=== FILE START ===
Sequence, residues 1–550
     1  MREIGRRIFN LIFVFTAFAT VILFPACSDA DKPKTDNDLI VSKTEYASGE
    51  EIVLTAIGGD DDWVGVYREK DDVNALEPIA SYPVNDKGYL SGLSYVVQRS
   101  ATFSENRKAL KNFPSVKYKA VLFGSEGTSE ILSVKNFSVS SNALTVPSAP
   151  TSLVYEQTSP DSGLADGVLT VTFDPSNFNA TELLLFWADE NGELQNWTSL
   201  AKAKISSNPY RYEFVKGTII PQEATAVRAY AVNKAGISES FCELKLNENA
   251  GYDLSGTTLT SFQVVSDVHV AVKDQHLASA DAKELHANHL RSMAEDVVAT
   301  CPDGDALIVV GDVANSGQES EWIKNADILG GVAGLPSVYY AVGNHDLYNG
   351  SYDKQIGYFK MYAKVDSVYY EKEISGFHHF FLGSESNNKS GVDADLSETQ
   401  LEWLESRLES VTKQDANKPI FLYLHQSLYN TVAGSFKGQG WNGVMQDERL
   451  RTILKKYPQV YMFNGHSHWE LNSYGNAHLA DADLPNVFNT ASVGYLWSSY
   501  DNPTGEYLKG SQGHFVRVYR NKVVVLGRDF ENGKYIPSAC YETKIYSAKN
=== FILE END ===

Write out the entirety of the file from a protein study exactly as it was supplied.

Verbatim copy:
Sequence, residues 1–550
     1  MREIGRRIFN LIFVFTAFAT VILFPACSDA DKPKTDNDLI VSKTEYASGE
    51  EIVLTAIGGD DDWVGVYREK DDVNALEPIA SYPVNDKGYL SGLSYVVQRS
   101  ATFSENRKAL KNFPSVKYKA VLFGSEGTSE ILSVKNFSVS SNALTVPSAP
   151  TSLVYEQTSP DSGLADGVLT VTFDPSNFNA TELLLFWADE NGELQNWTSL
   201  AKAKISSNPY RYEFVKGTII PQEATAVRAY AVNKAGISES FCELKLNENA
   251  GYDLSGTTLT SFQVVSDVHV AVKDQHLASA DAKELHANHL RSMAEDVVAT
   301  CPDGDALIVV GDVANSGQES EWIKNADILG GVAGLPSVYY AVGNHDLYNG
   351  SYDKQIGYFK MYAKVDSVYY EKEISGFHHF FLGSESNNKS GVDADLSETQ
   401  LEWLESRLES VTKQDANKPI FLYLHQSLYN TVAGSFKGQG WNGVMQDERL
   451  RTILKKYPQV YMFNGHSHWE LNSYGNAHLA DADLPNVFNT ASVGYLWSSY
   501  DNPTGEYLKG SQGHFVRVYR NKVVVLGRDF ENGKYIPSAC YETKIYSAKN